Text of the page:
For twenty years, Dan, my longtime business partner and I argued about everything. All day, every day.
Don’t get me wrong. We agreed on most of the important things in life, but we disagreed about all the unimportant stuff. Like who’s better — the Beatles or the Stones. Or which one of us was better at Jeopardy. Stuff like that. And when you spend eight or ten hours a day with someone, the little things sometimes get blown out of proportion.
For years we had an ongoing argument about who could do the best Mexican accent. He offended me by saying I did a horrible Mexican accent. I told him it was absolutely authentic because I had learned it growing up with my buddies Freddie Gomez, Johnnie Rodriguez, and Herman Sierra.
He thought his Mexican accent was spectacular and couldn’t understand how I thought otherwise.
One day I realized what the problem was. My affected accent was authentic Mexican, but Dan’s was actually Puerto Rican because he had grown up in New York City. The only Mexican accents he’d ever heard were on the old “Cisco Kid” TV show.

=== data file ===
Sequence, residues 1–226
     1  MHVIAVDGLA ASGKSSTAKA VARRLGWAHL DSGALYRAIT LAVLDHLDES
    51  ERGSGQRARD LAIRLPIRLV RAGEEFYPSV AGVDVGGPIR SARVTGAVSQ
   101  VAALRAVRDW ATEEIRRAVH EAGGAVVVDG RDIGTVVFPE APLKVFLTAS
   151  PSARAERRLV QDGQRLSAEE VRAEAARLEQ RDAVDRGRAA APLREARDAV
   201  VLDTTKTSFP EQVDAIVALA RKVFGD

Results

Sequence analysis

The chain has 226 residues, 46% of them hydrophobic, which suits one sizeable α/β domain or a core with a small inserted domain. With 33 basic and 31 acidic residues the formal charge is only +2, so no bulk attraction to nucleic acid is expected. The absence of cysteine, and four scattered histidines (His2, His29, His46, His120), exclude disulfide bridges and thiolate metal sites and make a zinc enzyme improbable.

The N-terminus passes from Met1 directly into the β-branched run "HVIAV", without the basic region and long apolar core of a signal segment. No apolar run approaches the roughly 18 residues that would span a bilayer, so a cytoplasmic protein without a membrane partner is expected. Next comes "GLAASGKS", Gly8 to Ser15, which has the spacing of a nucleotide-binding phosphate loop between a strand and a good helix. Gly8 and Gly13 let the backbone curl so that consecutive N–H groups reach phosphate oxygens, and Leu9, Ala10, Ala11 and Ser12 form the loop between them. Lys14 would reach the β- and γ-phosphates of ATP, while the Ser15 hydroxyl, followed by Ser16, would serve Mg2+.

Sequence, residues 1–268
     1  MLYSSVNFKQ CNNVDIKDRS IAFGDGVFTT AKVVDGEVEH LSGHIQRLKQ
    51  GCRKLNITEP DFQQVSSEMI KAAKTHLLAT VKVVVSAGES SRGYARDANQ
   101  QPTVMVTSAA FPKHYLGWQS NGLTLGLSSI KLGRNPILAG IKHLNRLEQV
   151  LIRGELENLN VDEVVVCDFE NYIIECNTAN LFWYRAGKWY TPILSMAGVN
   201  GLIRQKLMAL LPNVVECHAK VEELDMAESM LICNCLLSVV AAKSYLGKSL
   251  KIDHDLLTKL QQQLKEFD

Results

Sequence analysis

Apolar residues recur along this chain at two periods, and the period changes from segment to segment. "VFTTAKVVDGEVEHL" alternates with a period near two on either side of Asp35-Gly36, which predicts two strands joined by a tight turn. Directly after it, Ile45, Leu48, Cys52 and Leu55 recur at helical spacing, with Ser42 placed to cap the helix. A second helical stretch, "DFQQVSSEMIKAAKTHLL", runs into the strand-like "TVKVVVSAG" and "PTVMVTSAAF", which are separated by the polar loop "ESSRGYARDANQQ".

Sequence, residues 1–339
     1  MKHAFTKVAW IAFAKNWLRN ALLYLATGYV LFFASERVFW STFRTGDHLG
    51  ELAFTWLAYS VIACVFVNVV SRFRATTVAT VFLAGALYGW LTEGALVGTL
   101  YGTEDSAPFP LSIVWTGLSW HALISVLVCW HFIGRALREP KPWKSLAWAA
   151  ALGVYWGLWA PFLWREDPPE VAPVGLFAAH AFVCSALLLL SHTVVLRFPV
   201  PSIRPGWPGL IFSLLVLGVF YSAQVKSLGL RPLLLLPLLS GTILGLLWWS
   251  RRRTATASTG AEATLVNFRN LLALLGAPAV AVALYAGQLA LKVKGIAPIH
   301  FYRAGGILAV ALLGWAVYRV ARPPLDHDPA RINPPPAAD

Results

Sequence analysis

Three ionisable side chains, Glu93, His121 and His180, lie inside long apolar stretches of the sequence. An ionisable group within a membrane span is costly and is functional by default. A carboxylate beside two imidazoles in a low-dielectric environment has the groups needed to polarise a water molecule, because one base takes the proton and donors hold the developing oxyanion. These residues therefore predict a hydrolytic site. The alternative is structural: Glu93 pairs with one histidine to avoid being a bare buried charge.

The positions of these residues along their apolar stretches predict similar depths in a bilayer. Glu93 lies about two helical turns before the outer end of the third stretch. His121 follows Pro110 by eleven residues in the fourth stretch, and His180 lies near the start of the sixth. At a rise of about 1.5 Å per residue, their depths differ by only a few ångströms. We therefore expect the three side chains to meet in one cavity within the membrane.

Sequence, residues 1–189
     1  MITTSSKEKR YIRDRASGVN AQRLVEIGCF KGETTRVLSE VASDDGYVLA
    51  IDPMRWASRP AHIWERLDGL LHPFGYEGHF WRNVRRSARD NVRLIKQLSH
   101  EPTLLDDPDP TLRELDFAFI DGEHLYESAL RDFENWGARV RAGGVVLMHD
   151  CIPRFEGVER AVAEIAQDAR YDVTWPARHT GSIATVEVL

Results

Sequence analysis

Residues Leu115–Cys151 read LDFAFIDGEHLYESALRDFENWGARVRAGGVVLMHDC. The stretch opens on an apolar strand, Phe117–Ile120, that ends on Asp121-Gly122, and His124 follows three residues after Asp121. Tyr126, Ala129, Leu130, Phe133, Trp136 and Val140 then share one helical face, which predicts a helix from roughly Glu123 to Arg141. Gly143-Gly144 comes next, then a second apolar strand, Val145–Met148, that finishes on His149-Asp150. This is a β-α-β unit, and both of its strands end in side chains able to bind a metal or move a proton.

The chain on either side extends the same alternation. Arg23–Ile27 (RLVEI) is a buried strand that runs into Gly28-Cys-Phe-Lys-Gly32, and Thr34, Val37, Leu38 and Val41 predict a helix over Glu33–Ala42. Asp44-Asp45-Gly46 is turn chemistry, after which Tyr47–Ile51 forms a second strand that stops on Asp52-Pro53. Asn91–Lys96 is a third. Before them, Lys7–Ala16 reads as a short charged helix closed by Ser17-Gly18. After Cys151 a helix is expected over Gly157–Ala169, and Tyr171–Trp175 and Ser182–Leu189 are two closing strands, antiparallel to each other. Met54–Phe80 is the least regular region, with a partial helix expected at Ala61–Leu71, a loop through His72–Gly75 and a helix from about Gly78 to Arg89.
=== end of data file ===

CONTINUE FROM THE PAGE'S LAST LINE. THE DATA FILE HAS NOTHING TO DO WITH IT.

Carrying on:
Which brings us to today.
Jamie and I hailed a taxi and headed for the beach. Our driver, Giuseppe, was a very funny young Spaniard who told us he speaks fluent Spanish and French, a bit of Italian and a bit of English. After we complimented him on his English, he asked how much Spanish we speak.
Having mastered all the dirty Mexican words on the playground and having grown up in the middle of Southern California’s rich Mexican culture, I assumed my Spanish was more than passable.
Giuseppe begged to differ.
He tried to teach me to say a few Spanish words correctly. He failed.
“No, no, no, no, no, no, no, no, no,” he said after each of my attempts.
So I’d try again.
“You put the emphasis in all the wrong places,” he laughed.
So I tried again.
“You make it sound like it’s Italian,” he said in disgust.
So I tried again.
“Your Spanish sounds like bad English,” he sighed.
And with that, I gave up. My apologies to Freddie, Johnnie, and Herman. And Giuseppe, too.
I may have made it sound like Italian or bad English, but at least I didn’t make it sound Puerto Rican like Dan would have.